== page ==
Saturday, November 2, 2013

The Most Powerful Women in the Middle Ages: Queens, Saints, and Viking Slayers, From Empress Theodora to Elizabeth of Tudor by Michael & Melissa Rank

Discrepancies in history.

A major discrepancy in history – and one which my book discusses – is the role of women in the Middle Ages.
The image that springs to mind is a damsel in distress who sits in a high tower wearing a traffic-cone for a hat and who waits for a knight to rescue her from her captors. Once freed by this knight, she is shoved into a forced marriage, breeds sons for her husband, and keeps her mouth shut in public. If not, she is burned at the stake as a witch for expressing independent thought, because that is what people did to women in the Dark Ages.
Such ideas about the Middle Ages are dominant, and they would be very convincing if not for the fact that they are almost completely fictional. It is true that women typically had fewer legal and social rights as men in medieval times. But the idea that the period from 500 to 1500 AD was a time of stagnation is based more on the ideology of historians in recent times than any truth about the past.
 “The Dark Ages” was invented during the Enlightenment Period as a way for scholars to look upon the past as a period of less-developed civilization. Protestant scholars in particular depicted this period in this way due to the corruption of the Catholic Church. The more romantic depictions of medieval women, knights, chivalry, and jousting tournaments come from the period of Romanticism, which originated in modern Western Europe. Medieval costumes and symbols became all the rage in the 19th century. German emperors dressed up in such clothing at public balls. In Victorian England, the ruling class held reenactments of tournaments. And the idea of a passive lady-in-waiting that existed throughout the Middle Ages solidified in the public consciousness. This mythical woman had all the virtues of a Victorian lady who espoused sexual restraint, was kept in idle luxury, and held a strict social code of conduct.
As a result, the concept of a medieval woman has largely been filtered through Victorian ideals. This was a time in which British females lacked suffrage rights or the ability to own property. It is from this time that the image of a woman wearing a traffic-cone hat emerged.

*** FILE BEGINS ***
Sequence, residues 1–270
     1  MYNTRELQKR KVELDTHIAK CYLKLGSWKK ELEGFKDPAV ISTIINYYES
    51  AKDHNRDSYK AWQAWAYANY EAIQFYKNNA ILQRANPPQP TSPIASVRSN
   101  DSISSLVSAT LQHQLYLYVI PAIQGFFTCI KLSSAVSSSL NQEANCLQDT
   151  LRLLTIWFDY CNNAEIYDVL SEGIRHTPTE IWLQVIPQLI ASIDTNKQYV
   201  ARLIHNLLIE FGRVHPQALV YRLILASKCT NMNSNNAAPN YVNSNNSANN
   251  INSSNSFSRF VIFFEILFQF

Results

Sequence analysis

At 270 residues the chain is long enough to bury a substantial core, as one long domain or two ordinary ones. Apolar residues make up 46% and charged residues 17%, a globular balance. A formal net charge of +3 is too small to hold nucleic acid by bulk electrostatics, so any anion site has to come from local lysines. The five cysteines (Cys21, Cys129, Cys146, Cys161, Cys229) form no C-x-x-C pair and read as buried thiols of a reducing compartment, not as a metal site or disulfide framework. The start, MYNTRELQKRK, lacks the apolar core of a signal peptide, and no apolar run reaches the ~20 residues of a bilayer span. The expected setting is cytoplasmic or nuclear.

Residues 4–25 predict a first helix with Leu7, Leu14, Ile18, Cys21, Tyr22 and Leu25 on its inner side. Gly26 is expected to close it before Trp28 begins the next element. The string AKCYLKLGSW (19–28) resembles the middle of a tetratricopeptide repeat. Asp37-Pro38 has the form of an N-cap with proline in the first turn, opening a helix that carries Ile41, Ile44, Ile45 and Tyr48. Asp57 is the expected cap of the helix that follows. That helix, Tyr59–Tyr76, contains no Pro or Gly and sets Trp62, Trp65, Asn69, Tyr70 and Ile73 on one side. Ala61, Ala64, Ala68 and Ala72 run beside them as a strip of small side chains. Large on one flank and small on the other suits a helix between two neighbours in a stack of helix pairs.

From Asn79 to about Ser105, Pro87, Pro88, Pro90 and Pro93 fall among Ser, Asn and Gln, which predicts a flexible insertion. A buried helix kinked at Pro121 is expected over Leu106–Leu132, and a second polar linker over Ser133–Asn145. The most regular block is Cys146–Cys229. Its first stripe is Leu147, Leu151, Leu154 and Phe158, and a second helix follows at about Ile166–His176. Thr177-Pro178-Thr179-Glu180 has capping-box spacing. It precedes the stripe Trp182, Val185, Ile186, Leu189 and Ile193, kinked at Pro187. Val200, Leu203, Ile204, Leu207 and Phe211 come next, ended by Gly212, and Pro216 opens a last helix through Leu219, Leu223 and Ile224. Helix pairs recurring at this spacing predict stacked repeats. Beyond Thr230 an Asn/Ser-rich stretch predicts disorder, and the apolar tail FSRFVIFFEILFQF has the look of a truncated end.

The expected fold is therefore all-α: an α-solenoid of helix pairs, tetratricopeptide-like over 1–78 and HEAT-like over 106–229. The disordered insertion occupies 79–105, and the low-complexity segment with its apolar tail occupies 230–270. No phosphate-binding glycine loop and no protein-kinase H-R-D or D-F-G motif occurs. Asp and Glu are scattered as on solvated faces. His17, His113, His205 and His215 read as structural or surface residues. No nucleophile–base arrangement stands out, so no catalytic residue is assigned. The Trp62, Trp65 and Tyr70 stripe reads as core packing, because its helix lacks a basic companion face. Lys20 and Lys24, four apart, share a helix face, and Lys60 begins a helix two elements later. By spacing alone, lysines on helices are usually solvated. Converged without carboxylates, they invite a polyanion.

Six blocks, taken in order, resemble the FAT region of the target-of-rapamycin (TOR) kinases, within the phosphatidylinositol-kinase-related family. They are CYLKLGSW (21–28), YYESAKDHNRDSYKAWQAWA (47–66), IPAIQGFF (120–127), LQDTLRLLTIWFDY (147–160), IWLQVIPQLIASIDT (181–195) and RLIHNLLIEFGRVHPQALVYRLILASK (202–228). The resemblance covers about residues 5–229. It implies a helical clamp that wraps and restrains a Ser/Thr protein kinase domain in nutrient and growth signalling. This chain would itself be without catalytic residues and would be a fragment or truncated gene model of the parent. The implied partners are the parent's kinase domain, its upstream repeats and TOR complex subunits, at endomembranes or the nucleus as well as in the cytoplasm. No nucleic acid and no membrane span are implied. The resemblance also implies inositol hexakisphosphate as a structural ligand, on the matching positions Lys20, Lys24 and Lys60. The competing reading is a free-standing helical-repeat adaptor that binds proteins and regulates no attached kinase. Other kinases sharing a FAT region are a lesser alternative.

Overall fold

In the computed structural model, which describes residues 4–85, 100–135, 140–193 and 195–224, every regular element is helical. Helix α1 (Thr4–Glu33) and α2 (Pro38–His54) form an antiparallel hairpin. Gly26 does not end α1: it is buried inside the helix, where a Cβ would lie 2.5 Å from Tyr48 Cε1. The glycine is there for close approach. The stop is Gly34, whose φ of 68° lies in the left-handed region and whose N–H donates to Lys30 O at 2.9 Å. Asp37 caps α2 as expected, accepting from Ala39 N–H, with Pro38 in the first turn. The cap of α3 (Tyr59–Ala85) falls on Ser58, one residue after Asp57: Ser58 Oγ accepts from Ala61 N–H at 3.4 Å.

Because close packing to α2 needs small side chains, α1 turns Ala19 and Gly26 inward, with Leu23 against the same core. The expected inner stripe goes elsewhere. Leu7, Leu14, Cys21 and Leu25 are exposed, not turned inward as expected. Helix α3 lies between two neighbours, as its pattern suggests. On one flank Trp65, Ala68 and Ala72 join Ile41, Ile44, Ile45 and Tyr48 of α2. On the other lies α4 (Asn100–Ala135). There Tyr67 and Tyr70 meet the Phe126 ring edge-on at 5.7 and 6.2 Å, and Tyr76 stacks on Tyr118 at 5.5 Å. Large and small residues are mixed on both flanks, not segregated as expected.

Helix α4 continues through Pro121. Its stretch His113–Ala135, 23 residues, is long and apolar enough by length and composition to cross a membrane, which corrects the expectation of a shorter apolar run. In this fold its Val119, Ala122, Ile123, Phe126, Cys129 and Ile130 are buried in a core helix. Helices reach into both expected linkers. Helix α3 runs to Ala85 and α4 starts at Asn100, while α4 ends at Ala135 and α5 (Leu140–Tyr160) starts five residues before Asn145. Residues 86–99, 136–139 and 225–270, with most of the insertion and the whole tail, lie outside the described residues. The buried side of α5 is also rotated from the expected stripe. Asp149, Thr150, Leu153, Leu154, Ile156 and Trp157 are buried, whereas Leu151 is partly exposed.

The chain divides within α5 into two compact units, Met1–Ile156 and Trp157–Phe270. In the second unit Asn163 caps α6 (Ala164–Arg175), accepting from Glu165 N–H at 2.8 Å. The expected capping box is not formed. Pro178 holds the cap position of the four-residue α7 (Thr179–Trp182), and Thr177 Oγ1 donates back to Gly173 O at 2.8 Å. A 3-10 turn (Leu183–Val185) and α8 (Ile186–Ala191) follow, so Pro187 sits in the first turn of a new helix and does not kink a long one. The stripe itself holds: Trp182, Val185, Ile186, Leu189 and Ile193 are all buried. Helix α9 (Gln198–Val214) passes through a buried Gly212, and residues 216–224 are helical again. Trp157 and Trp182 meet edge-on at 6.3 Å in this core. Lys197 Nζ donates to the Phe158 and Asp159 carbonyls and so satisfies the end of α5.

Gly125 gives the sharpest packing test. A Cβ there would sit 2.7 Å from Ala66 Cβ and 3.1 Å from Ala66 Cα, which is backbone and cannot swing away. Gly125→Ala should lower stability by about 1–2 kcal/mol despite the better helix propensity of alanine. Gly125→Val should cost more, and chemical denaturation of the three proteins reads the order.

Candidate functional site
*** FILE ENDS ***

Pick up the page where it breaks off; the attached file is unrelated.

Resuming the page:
There is a second misconception of medieval women that has come from modern-day academic historians. In a well-meaning attempt to give medieval women a stronger voice, they have essentially turned the most notable figures of this era into 21st-century feminists. Joan of Arc is credited with challenging the gender norms of her era by wearing men's armor into combat and cutting her hair short. Catherine of Siena is imagined to have challenged the patriarchal world of the Catholic Church by sending letters of rebuke to the pope. Anna Komnene, the world's first female narrative historian, is thought to have crafted her history for the sole purposes of giving a stronger voice to women.
 But we do not see such sentiments in any accounts of these women's lives. No woman under consideration in this book challenged the idea of a patriarchal world. Catherine of Siena may have rebuked popes, but she never called on them to install female priests or bishops. Joan of Arc may have dressed as a man in combat, but she preferred to wear a dress while in prison and forbade other women from joining her in battle. She believed that her circumstances were unique since she had been called by God.
 So we see that attempts to foist our own idea of who medieval women actually were fail to capture them in all their complex glory.

Michael & Melissa Rank

About The Authors

Melissa Rank writes extensively on intercultural communication and health on her blog An avid traveler, she has taught English as a Second Language in many countries, including Indonesia, Turkey, Hungary and Rwanda.
She is currently enjoying taking care of her young daughter and navigating the terrain of motherhood, and unlike many of the women in this book, has no plans of taking over the country or the world any time soon.

Michael Rank is a doctoral candidate in Middle East history. He has studied Turkish, Arabic,
Persian, Armenian, and French but can still pull out a backwater Midwestern accent if need be. He also worked as a journalist in Istanbul for nearly a decade and reported on religion and human rights.
He does his best to help out Melissa raise their daughter, whom he secretly hopes can one day be in a book like this. But he would like her to seize power without having to go through all those marriages to surly men, of course. Michael is also the author of the #1 Amazon best-seller “From Muhammed to Burj Khalifa: A Crash Course in 2,000 Years of Middle East History,” and “History's Worst Dictators: A Short Guide to the Most Brutal Leaders, From Emperor Nero to Ivan the Terrible.”